The C957T DRD2 SNP was analysed as previously described by Hoenicka et al.15 Briefly, the sequence-specific primers for Taqman assays 5′-CTGTCGGGAGTGCTG-3′ and 5′-CTGTCAGGAGTGCTG-3 were used for the C and T alleles respectively, and the common reverse primer 5′-GCCCATTCTTCTCTGGTTTGG-3′. The genotypes obtained were grouped assuming a recessive model for the C957 allele: homozygous individuals for the C allele v. heterozygous and homozygous individuals for the T allele. European population estimates for CC genotype frequency range from 12.5 to 17.2% (NCBI, identification number rs6277).

The Hardy–Weinberg equilibrium test with the Genetic Data Analysis software version 1.1 for Windows found no deviation from either controls (TaqI ANKK1 SNP, P=0.44; C957T DRD2 SNP, P=0.78) or patients (TaqI ANKK1 SNP, P=0.37; C957T DRD2 SNP, P=0.98).

Taking into account the size of our sample of patients and an α-value of 0.05, we calculated the power of the genotype study for the two SNPs using Power Sample Size version 2.1.31 software for Windows. Our study varies with OR=2.4 and a power of 86.6% for TaqI-A ANKK1 SNP, and OR=2.0 and a power of 80.6% for C957T DRD2 SNP.

Statistical analysis

To evaluate the non-random association of the two SNPs, pairwise linkage disequilibrium statistics D′ and correlation coefficient r2 were calculated using Haploview software version 3.2 for Windows (Whitehead Institute for Biomedical Research, www.broad.mit.edu/mpg/haploview/index.php). D′ explains the difference in frequency between the observed and expected number of SNP pairs. Being scaled to Dmax, it spans the range –1 to 1, and r2 is the squared correlation coefficient between the markers. We found a low degree of TaqI-A to C957T linkage disequilibrium (patients D′=0.576, r2=0.13; controls D′=0.58, r2=0.14).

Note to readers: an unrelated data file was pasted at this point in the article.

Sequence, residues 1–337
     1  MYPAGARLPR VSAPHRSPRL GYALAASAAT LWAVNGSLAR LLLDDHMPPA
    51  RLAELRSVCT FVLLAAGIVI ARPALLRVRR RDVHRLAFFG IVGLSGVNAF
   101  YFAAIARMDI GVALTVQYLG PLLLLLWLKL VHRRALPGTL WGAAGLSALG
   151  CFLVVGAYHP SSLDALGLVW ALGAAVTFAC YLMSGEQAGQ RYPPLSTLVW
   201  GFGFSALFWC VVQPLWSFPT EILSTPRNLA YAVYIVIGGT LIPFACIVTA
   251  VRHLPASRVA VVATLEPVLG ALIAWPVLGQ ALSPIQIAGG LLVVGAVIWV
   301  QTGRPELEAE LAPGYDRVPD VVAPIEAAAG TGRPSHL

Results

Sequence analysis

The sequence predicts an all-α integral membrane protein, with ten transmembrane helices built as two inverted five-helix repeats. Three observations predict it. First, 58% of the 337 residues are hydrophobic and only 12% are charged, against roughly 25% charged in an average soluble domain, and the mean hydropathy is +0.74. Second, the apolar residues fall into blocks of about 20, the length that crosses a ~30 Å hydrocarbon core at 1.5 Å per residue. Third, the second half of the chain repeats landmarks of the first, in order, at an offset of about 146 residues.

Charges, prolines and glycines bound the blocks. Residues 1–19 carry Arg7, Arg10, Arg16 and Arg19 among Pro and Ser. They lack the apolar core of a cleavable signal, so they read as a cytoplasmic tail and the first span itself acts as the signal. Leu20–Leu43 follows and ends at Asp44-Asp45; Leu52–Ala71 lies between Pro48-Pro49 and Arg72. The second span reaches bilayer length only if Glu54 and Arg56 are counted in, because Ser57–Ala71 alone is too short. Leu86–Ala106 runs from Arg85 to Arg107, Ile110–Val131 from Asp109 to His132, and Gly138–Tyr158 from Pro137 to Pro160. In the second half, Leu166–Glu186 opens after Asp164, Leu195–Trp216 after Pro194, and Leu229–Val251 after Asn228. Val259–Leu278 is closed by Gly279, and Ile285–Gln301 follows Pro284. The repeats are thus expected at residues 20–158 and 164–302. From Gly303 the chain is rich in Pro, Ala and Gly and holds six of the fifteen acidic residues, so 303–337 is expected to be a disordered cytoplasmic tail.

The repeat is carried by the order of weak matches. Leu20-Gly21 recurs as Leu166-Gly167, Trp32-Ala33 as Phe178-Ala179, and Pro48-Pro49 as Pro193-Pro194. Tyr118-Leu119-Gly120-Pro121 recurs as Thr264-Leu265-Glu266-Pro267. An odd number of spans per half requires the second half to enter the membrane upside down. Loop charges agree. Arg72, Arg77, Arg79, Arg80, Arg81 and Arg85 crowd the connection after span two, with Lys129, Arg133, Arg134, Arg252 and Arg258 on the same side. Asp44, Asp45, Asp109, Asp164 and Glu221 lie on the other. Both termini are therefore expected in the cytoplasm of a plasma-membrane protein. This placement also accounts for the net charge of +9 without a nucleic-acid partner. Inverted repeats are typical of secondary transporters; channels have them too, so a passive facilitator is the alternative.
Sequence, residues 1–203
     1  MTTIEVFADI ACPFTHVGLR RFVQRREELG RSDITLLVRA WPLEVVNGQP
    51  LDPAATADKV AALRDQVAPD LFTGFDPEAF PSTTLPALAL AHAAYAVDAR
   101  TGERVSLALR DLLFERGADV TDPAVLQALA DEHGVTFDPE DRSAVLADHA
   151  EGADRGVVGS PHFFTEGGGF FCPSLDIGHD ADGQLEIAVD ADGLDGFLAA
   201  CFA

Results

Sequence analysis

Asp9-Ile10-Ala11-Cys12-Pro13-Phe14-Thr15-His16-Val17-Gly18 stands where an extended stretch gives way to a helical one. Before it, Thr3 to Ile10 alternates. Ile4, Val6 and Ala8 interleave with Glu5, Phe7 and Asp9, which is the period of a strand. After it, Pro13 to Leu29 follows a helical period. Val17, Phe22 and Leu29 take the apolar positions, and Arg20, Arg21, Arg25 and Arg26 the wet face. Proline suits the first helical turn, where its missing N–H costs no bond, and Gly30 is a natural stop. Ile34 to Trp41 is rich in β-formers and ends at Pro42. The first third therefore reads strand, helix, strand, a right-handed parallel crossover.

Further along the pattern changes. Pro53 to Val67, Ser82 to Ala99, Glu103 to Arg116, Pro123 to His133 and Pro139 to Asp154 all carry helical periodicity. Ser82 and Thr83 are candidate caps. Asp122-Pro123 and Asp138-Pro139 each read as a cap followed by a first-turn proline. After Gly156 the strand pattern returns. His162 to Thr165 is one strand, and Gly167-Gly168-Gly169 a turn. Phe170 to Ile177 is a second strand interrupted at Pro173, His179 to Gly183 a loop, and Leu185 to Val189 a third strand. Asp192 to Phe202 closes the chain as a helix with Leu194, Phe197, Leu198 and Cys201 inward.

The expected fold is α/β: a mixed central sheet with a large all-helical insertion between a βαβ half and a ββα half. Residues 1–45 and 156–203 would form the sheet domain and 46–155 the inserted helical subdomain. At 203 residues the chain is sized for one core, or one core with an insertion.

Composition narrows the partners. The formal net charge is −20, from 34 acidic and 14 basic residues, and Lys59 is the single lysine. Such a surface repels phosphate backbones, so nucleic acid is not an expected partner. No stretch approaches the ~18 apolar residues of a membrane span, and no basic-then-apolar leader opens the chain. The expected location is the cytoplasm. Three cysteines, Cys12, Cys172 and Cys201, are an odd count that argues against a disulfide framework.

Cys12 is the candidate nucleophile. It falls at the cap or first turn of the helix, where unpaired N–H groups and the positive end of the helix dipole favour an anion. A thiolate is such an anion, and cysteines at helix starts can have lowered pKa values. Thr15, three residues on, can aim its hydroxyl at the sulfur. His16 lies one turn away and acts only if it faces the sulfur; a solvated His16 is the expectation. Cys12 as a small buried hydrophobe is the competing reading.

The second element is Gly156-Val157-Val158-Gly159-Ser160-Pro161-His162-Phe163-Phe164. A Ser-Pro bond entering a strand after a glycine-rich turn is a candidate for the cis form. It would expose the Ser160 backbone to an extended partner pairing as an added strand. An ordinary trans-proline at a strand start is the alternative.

Case–control association genetic study with alcoholism

To compare differences between alcohol-dependent patients and healthy controls with respect to the genotype for each SNP, a chi-squared test was employed.

Case–case association genetic study with psychopathic traits and dissocial personality disorder

In the sample of patients, in order to evaluate the effect of each genotype on the average score on the PCL–R scale, we performed analyses of covariance using age as a covariate, since it has been reported that PCL–R scores may vary with age.17

Chi-squared tests were employed to compare genotype frequencies between alcohol-dependent patients with and without a diagnosis of dissocial personality disorder. A stepwise logistic regression model was used to calculate the independent association of each gene with the presence of dissocial personality disorder. Odds ratios, 95% confidence intervals and Wald values were estimated.

Case–case interaction study

A post hoc regression analysis of the interaction between genotypes and the effect upon the presence of dissocial personality disorder was also carried out.

The total sample of alcohol-dependent patients was subdivided according to the number of risk genotypes in order to study the global effect on dissocial personality disorder and PCL–R scores. Again, the chi-squared test was used to compare the presence of dissocial personality disorder between these subgroups, and post hoc analyses of covariance to compare PCL–R scores.